Every teacher fears it: The Dreaded Summer Slide. It is well-documented that children can lose many of their gains in reading and math during the long summer months off of school. (See the “Did You Know?” section.) There are many great ideas out there to help students retain their knowledge and skills. The Daily 7 is something we came up with to do just that.
Where it Came From
At the beginning of the summer, I came up with seven activities that I felt would help my kids incorporate balance into their summer and keep their minds active. During the school year, my kids enjoyed using the Daily 5 in class to work on their literacy skills. So when I introduced our summer plan as the “Daily 7,” they were immediately excited about it.
How it Works
Each of my kids had a chart with a checklist of the Daily 7 activities, some other reminders, and a calendar. Feel free to use this Free Color Printable of our Daily 7 or this Free Black and White Printable of our Daily 7. We used packing tape to cover the portion of the chart containing the checklist. (Alternately you could laminate the whole paper or put it in a page protector. Tape was cost-effective for us.) This allows the checklist to be reusable. Dry erase markers are also more fun for kids (and adults!) to use than regular paper and pencil.
Each day the kids would check-off the activities they accomplished. If they completed all 7 activities, they got to put a sticker on the calendar. We decided to not do the Daily 7 on Sundays and out-of-town days, but we used other activities to keep reading and mentally active. We also agreed that if we had a busy planned day, the kids could “make-up” the activities on another day and still get a sticker.
For my kids this summer, trying to fill their calendar with stickers was motivating enough. However, I have a friend who uses a similar system and the kids earn screen time as they complete the activities. You could also award small prizes for completion or have reward levels depending on how many times the list is completed. You can adjust the activities you want your kids to do using this Free Printable Template for Daily Activities.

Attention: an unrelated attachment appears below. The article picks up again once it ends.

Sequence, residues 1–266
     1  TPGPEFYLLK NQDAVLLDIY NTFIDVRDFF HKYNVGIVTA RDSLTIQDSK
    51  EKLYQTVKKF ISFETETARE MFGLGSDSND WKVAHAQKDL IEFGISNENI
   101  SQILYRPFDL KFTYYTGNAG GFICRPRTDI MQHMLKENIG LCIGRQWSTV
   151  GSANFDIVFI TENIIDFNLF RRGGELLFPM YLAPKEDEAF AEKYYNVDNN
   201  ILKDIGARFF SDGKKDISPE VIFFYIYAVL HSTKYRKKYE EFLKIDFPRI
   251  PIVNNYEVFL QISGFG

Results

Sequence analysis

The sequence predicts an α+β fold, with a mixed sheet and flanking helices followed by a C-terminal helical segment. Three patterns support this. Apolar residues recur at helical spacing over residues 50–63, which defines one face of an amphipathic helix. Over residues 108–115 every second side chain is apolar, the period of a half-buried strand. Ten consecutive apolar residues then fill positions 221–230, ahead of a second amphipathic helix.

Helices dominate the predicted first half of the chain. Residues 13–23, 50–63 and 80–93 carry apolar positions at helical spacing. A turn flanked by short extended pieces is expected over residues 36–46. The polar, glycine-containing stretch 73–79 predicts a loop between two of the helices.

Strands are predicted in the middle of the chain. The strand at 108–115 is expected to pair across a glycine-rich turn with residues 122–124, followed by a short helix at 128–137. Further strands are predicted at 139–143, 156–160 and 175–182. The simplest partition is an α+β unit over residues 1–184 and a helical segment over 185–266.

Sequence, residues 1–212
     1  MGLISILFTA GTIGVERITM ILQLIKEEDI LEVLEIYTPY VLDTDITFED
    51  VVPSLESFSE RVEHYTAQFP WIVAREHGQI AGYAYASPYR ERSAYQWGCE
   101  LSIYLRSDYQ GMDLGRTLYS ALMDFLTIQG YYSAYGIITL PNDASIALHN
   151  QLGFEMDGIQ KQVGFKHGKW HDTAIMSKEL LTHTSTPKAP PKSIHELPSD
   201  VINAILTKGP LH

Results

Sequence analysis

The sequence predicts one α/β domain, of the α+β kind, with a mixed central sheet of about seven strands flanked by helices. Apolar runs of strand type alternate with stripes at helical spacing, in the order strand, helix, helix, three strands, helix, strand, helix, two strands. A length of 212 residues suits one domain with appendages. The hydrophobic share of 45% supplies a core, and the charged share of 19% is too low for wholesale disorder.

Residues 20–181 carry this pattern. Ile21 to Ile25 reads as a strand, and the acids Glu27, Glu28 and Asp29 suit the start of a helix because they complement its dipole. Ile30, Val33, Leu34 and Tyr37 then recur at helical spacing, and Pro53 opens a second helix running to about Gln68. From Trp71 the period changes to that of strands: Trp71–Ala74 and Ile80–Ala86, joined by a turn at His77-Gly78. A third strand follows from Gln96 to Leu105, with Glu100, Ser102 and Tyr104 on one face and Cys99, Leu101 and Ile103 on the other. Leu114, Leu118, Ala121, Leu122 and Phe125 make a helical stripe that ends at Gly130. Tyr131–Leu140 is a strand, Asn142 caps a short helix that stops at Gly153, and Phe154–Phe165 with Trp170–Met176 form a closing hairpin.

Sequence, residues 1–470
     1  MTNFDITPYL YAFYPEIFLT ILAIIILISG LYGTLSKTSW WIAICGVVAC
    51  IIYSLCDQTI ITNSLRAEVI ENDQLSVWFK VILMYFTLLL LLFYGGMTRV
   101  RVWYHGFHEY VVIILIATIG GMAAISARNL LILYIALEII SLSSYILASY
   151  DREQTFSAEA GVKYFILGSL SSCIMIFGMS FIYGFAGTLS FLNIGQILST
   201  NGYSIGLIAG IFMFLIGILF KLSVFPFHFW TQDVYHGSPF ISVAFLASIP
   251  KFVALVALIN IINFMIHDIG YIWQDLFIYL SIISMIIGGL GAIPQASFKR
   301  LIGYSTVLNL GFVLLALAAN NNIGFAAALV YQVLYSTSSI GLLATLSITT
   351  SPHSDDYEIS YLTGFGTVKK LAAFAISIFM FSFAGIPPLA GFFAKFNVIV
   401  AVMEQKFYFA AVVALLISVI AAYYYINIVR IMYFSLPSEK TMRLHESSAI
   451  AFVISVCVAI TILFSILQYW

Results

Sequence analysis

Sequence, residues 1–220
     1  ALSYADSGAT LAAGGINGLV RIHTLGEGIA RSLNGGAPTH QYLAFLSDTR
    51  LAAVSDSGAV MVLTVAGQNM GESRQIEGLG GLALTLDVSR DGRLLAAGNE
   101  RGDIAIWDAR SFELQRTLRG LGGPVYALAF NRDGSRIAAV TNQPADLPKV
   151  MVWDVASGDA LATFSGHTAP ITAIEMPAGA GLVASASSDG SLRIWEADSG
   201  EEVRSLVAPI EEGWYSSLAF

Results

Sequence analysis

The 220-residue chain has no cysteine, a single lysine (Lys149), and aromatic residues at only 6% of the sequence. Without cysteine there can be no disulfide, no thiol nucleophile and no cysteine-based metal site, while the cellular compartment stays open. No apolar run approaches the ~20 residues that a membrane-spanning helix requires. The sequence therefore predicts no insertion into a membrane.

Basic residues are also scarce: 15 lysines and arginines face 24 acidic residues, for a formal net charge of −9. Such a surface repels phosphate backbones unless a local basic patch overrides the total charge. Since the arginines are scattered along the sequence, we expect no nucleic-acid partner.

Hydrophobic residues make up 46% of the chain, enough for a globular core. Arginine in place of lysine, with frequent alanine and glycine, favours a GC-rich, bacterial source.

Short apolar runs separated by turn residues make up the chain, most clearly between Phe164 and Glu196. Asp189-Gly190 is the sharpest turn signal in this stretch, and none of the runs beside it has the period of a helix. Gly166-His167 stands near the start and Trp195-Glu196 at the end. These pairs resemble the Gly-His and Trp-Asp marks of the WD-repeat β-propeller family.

The Daily 7 Activities
- Read Scriptures
- We read and discuss scriptures together as a family almost every day. The older kids are encouraged to read on their own sometimes as well. I haven’t found a better way to help us consistently learn about the most important things in life.
- At Least One Helper Job or Service
- Read Scriptures
- Sometimes the kids chose what that helper job or service was, and sometimes I did. It ranged from folding laundry or making someone else’s beds to doorbell ditching a friend with cookies. (See here for why we call them Helper Jobs and our approach to teaching kids to work.)
- Practice Piano
- My six and eight-year-old both take lessons from me, although we took some weeks off of lessons in the summer. My four-year-old was excited to have the same list as the big kids, so he spent some fun time at the piano making up songs or playing simple ditties.
- Read for 20 Minutes
- Read to yourself or to someone else, or be read to.
- Write, Do Math, or Complete a Workbook Page
- The kids cycled through these three activities. Writing and math both had a lot of freedom to them. Writing activities included making up stories, writing in their journals, writing letters, and practicing writing spelling words. The favorite math activities were answering story problems created by mom (especially Harry Potter themed problems for my slightly obsessed eight-year-old 🙂 and math games on the computer.
- Physical Exercise for 20 Minutes
- Exercise activities included running around the house, making up your own exercises, doing Go Noodle, a family run when Uncle Scott came to town, playing soccer, riding bikes, and more.
- Clean Bedroom
- How does it get so messy everyday? 🙂